Watts in a name – exploring the place names of Rhondda
Continuing our autumn series by John Geraint, author of ‘The Great Welsh Auntie Novel’, and one of Wales’s most experienced documentary-makers. ‘John On The Rhondda’ is based on John Geraint’s popular Rhondda Radio talks and podcasts.
When you were small, did you ever write out your full, full address? You know, the complete address that located you precisely as a small child in a vast cosmos, in case an alien spaceship was looking to deliver a parcel to you, a long list of places starting with your name and the number of your house and your street and ending something like ‘Europe, The World, The Solar System, The Milky Way, The Universe’.
I remember doing that, and I’ve got a vague memory too of asking my grandfather who lived with us, and spoke Welsh, to translate our address into English – I was worried those aliens would struggle with the Welsh placenames.
Apparently, our house was on Hollyhill Road, Rocktop, Fullingmill Meadow, Babblingbrook Vale. Sounds awfully posh, doesn’t it? Like somewhere in Surrey, or up in the Yorkshire Dales. The proper Rhondda version’s a bit different. ‘Hollyhill Road’ – that’s Tylacelyn. ‘Rocktop’ is Penygraig, of course. ‘Fullingmill Meadow’, believe it or not, is Tonypandy. And ‘Babblingbrook Vale’ – well, we’ll come to that.
Local place-names and their meanings have always fascinated me. I was talking to someone the other day about all those Rhondda ones that start with ‘Tre…’ – Treherbert, Treorchy, Trealaw, Trehafod, Trebanog. It led me on to thinking about why they were called what they were called, and about lots of other places too.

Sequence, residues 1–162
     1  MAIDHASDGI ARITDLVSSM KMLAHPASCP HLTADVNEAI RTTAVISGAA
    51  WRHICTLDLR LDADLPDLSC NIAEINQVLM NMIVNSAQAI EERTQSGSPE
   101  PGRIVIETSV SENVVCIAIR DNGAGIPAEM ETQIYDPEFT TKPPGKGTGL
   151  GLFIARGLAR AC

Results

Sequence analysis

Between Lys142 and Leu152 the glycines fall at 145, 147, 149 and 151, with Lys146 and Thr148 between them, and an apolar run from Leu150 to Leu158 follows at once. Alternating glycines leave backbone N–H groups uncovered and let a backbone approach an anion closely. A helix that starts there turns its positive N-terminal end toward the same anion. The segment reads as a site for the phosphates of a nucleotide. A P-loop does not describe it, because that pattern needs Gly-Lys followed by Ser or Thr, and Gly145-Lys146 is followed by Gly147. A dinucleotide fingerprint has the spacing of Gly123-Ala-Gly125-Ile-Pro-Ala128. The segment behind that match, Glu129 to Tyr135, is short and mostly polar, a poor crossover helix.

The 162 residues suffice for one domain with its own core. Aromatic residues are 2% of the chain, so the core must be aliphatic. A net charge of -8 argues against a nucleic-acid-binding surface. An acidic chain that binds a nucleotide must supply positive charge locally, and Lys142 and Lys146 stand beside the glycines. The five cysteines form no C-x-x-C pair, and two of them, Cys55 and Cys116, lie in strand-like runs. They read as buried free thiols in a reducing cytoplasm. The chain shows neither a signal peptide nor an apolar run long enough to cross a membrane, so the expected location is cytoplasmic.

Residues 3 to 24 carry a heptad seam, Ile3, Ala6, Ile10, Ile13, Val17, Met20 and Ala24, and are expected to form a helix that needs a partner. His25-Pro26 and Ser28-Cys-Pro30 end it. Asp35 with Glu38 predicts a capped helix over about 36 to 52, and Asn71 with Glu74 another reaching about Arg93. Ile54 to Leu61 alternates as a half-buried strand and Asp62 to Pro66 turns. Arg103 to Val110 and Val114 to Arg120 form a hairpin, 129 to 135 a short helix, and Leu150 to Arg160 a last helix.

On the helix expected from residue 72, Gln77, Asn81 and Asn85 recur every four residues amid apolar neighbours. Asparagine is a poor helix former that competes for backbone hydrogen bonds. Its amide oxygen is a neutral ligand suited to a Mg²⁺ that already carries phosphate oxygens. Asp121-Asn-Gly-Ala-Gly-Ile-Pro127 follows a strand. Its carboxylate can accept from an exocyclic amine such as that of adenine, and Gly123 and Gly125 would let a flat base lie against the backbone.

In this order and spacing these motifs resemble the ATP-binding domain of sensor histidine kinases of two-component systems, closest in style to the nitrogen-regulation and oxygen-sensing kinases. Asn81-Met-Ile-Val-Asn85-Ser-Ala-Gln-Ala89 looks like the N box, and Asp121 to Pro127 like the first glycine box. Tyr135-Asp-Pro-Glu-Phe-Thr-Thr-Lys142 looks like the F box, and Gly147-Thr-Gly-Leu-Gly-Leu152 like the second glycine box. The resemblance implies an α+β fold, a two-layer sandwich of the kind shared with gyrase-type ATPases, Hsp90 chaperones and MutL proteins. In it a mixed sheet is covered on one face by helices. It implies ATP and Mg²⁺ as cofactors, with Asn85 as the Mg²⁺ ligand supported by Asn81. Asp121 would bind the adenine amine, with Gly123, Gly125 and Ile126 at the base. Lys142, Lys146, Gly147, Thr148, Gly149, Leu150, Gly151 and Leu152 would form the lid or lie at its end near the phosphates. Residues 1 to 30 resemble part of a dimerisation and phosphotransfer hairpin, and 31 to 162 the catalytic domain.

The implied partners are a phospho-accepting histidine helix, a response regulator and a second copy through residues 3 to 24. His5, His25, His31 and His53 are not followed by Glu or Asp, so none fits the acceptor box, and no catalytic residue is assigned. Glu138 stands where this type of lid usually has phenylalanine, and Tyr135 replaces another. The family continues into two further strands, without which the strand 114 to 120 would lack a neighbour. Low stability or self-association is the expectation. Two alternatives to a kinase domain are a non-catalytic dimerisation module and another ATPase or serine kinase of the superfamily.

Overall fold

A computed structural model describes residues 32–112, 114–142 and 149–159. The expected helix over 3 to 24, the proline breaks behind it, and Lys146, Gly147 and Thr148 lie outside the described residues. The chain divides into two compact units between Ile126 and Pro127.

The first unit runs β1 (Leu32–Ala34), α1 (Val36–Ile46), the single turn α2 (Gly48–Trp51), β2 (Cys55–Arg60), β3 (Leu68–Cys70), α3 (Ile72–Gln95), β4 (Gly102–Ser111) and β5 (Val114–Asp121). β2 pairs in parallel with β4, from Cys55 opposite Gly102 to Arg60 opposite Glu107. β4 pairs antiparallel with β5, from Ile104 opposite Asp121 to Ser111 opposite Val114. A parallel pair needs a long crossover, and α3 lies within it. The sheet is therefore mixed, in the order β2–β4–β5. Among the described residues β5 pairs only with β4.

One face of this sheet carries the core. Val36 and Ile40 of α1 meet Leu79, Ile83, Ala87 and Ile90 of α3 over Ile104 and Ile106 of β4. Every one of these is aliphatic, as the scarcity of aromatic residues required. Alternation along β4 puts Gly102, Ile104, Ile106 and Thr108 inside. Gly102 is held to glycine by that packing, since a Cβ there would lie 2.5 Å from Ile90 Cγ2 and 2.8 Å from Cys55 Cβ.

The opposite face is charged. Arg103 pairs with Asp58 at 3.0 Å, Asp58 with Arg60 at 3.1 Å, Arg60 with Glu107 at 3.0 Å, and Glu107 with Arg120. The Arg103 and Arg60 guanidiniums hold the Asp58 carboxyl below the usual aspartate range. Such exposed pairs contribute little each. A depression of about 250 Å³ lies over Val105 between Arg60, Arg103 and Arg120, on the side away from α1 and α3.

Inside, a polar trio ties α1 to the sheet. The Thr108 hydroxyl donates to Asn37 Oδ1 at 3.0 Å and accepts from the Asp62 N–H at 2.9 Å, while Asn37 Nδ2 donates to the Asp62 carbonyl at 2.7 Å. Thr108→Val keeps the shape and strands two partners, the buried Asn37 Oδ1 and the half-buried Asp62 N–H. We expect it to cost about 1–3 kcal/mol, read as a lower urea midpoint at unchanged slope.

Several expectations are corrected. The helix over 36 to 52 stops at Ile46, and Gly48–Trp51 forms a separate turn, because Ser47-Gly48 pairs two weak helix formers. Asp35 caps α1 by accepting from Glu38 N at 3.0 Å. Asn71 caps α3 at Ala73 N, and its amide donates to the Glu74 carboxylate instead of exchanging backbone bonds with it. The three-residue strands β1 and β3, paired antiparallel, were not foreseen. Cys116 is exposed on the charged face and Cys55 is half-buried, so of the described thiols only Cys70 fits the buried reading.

‘Tre’ or ‘tref’ means town in Welsh. So Treherbert is Herbert’s town. Herbert was one of the family names of the Marquess of Bute, the lucky so-and-so who happened to own the land where they discovered the world’s best steam coal in 1855. Up until then, the area was known as Cwm Saerbren.
We used to call someone who was lacked common sense ‘a bit of a Herbert.’ I’m not sure if there’s any connection with the Butes, but however bright or otherwise they were, they certainly got rich from what other people dug out from underneath Treherbert.
Treorchy takes its name from the stream that flows from the mountain down into the River Rhondda there – the Gorchi or Gorchwy originally. It gave its name to the Abergorki Colliery, and so to ‘Tre-orci’ with the ‘g’ disappearing in one of those mutations that trip up so many of us as we try to learn Welsh.
Trealaw – now, that’s got a nice story behind it. ‘Alaw’ was the bardic name of David Williams, another man who made a lot of money from coal. He bought up the land in Trealaw with the proceeds. He was a proud Welshman – very big in the Eisteddfod.
There’s a statue of his son, Judge Gwilym Williams, of Miskin Manor, outside the Law Courts down in Cardiff, not that I’m suggesting you’ve got any reason to go that way.
Trehafod takes its name from a farm. The ‘hafod’ was the upland farm, where cattle and sheep were taken to graze in summer (‘haf’ in Welsh) – as opposed to the ‘hendre’, the old ancestral winter home down in the valley.
‘Hendre’ crops up in local placenames like Hendrecafn, Hendreforgan and Hendregwilym. Hendregwilym was translated into English as Willamstown, which caused a bit of a stir at the time. I’m not sure if the same thing happened when Glyn Rhedynog became Ferndale, but another Welsh coalowner, David Davis of Blaengwawr, seems to have been behind that.
Tylorstown and Wattstown, on the other hand are named after English coalowners, Alfred Tylor of Newgate in London, who bought the mineral rights to Pendyrus Farm in 1872; and Edmund Hannay Watts of Messrs. Watts, Watts and Company. So perhaps they should have called it Wattswattstown!
Stanleytown is named after a pub, the Stanley Hotel, though who the pub is named after – well, that’s another matter.
As for Trebanog, ‘bannog’ means high up or lofty. In Welsh, the Brecon Beacons are Bannau Brycheiniog – it’s same word, ‘ban’, a pinnacle. High up, lofty… I bet whoever named Trebanog approached it by struggling up Cymmer Hill.